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Uruguay marijuana move 'illegal': UN body

VIENNA -- Uruguay's move to legalize the production and sale of marijuana breaks international law, the world drugs body said Wednesday, warning it would encourage addiction.

“Uruguay is breaking the international conventions on drug control with the cannabis legislation approved by its congress,” said the International Narcotics Control Board, a U.N. body that oversees the implementation of international treaties on drugs.

INCB president Raymond Yans added he was “surprised” that Montevideo had “knowingly decided to break the universally agreed and internationally endorsed legal provisions of the treaty.”

He accused the country's lawmakers of ignoring scientific evidence on the health risks of marijuana, and said claims the law would help reduce crime relied on “rather precarious and unsubstantiated assumptions.”

The move “will not protect young people, but rather have the perverse effect of encouraging early experimentation, lowering the age of first use, and thus contributing to ... earlier onset of addiction and other disorders,” said Yans.

Uruguay's parliament voted on Tuesday to legalize marijuana, becoming the first nation in the world to oversee the production and sale of the drug.

“The war against drugs has failed,” said Senator Roberto Conde as he presented the bill on behalf of the ruling leftist Broad Front, calling it an “unavoidable response” to that failure.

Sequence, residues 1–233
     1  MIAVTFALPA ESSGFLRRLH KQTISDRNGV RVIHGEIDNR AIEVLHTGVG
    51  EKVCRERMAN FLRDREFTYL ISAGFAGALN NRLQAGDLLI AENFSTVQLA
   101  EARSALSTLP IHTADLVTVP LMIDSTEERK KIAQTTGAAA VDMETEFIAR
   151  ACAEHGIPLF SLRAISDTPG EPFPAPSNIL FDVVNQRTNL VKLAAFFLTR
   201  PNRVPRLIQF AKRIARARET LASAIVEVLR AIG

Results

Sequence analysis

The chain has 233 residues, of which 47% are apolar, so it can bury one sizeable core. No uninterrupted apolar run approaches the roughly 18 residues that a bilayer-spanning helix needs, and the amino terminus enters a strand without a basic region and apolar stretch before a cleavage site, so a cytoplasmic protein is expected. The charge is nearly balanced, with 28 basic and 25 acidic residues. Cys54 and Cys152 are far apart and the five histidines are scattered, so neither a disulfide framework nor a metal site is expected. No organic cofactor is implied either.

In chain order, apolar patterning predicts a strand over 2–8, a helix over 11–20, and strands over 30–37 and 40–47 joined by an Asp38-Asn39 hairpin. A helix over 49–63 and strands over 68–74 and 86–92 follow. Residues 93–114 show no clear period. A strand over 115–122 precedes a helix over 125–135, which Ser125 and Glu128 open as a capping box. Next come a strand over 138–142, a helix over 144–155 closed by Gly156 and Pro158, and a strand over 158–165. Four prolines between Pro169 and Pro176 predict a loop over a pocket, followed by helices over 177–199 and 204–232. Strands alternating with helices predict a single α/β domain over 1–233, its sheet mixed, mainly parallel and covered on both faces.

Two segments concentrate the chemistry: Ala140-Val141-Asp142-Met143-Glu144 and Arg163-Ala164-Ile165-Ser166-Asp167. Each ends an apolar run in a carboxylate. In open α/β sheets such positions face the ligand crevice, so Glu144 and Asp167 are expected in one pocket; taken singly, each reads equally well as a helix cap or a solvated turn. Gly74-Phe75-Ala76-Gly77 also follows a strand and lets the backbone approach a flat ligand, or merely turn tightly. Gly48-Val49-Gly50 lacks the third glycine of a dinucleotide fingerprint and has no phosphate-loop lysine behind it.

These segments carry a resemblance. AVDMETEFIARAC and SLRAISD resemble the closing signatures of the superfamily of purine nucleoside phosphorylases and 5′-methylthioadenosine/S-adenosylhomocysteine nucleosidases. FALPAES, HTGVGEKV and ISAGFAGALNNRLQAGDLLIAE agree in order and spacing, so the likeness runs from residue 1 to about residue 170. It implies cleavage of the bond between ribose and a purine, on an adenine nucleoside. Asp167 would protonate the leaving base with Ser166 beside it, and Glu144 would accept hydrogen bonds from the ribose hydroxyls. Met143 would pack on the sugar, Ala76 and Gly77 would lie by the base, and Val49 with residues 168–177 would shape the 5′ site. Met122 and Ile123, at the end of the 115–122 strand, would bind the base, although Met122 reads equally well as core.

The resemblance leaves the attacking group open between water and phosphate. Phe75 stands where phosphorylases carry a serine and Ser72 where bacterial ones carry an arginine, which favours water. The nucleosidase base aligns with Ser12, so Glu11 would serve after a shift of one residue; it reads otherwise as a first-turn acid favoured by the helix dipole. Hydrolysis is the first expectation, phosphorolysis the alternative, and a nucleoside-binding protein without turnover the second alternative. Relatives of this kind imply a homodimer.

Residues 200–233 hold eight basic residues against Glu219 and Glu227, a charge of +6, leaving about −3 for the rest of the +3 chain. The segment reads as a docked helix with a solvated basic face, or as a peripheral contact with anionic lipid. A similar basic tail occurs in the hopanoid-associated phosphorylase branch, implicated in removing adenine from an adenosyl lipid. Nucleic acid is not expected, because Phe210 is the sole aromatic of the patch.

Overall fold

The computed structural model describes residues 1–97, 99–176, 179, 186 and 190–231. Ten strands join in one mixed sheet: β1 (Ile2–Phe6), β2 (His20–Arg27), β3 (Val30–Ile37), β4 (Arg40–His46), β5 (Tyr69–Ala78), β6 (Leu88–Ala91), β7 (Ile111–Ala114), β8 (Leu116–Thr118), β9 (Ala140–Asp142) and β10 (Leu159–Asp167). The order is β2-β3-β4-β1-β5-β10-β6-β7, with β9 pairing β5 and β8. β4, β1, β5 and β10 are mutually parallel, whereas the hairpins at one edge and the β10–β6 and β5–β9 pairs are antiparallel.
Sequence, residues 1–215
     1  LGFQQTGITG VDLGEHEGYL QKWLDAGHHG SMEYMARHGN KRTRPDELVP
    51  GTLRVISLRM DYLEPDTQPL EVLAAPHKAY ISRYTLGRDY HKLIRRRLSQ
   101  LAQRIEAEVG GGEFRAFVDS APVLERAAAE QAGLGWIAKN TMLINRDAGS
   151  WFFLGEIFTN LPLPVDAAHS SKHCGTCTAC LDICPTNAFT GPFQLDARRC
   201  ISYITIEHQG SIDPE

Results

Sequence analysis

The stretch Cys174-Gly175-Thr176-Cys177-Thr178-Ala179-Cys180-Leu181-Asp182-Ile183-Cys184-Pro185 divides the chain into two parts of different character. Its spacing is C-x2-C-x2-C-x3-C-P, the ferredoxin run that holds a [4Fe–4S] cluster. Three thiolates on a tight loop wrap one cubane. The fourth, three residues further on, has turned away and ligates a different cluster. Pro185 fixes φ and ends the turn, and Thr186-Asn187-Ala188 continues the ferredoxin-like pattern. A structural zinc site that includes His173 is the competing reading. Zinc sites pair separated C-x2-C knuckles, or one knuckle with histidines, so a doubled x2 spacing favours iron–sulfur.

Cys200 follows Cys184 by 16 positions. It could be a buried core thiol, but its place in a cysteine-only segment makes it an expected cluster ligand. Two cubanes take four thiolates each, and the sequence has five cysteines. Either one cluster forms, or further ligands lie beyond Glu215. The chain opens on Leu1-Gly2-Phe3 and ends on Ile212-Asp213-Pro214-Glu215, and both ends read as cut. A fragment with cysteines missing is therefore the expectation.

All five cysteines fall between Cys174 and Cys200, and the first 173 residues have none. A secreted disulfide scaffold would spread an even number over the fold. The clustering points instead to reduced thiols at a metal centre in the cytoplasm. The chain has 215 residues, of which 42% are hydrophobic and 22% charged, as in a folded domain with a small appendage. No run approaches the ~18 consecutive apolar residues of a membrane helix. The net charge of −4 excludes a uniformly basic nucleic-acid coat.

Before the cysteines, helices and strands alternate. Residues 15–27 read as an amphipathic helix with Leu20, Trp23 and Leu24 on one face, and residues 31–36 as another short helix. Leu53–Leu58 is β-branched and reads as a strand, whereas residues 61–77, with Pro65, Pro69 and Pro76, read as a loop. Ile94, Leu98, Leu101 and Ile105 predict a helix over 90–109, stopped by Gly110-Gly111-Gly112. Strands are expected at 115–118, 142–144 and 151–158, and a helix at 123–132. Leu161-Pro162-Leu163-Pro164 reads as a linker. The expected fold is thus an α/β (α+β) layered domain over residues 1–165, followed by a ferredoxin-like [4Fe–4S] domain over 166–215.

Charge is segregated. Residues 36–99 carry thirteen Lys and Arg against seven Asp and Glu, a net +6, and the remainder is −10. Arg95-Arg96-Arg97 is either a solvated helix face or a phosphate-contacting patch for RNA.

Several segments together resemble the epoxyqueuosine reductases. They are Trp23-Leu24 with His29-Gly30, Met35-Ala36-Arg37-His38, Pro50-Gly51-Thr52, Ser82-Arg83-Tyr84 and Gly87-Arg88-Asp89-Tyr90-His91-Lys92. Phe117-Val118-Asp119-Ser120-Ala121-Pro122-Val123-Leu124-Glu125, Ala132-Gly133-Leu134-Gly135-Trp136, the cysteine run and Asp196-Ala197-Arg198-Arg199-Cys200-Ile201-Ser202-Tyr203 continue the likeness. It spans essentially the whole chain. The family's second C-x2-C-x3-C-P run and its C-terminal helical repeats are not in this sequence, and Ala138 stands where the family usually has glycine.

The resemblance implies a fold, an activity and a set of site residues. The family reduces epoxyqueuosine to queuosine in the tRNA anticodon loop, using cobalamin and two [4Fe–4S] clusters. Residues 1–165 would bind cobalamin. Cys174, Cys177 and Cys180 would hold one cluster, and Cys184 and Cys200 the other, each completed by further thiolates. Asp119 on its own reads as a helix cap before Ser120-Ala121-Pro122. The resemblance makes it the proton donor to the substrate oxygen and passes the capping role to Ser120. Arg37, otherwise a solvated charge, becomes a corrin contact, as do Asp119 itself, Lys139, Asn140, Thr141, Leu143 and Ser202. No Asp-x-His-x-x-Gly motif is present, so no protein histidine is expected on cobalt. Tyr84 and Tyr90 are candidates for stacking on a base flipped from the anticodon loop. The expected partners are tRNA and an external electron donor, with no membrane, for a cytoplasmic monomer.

The law not only authorizes the production, distribution and sale of cannabis, but also allows individuals to grow their own on a small scale, and creates consumer clubs — all under state supervision and control.

The U.N. office on drugs and crime on Wednesday said it agreed with the INCB statement and implicitly criticized Uruguay's unilateral move in the global war on drugs.

“Just as illicit drugs are everyone's shared responsibility, there is a need for each country to work closely together and to jointly agree on the way forward for dealing with this global challenge,” it said in a statement.

December 13, 2013    kingsolomon@
Why don't the U.N. include banning SMOKING and DRINKING (alcoholic drinks) so this world will be safer and healthier. Why single out marijuana? Does smoking and drinking have any health benefits or does it have health and other issues just like marijuana? Something smells very, very fishy here.
December 16, 2013    curtisakbar@
Well done Montevideo, weed is less harmful than tobacco and alcohol. That Raymond Yans seems to be an old fuddy-duddy that just selectively picks his research to confirm his viewpoint. Other nations in the world have decriminalized or in certain areas made cannabis legal, so why all the fuss?

I wish more countries would make it legal, I would prefer to run into a bunch of stoners on a dark night than a bunch of drunks.
December 20, 2013    cloggedwithguts@
This UN body is clearly biased towards Uruguay...why don't they condemn the use of tobacco and alcohol? This Raymond Yans character should do more research on marijuana before opening his redneck potty mouth, I seriously think that he should those rednecks in Southern Taiwan.
January 6, 2014    CRISERICSON@
WE DON'T WANT ONE WORLD GOVERNMENT. IT IS TIME TO CLOSE DOWN THE UNITED NATIONS IN ORDER TO STOP THIS CANCEROUS ATTACK AGAINST INDIVIDUALITY. EACH COUNTRY MUST DETERMINE ITS OWN COURSE. CLOSE DOWN THE UNITED NATIONS! END ONE WORLD GOVERNMENT! END FACIST TOTALITARIAN DICTATORSHIP OF ONE WORLD GOVERNMENT - CLOSE THE U.N. !!!!!
WE HAVE INTERNET NOW, PEOPLE ALL AROUND THE WORLD CAN TALK TO EACH OTHER.
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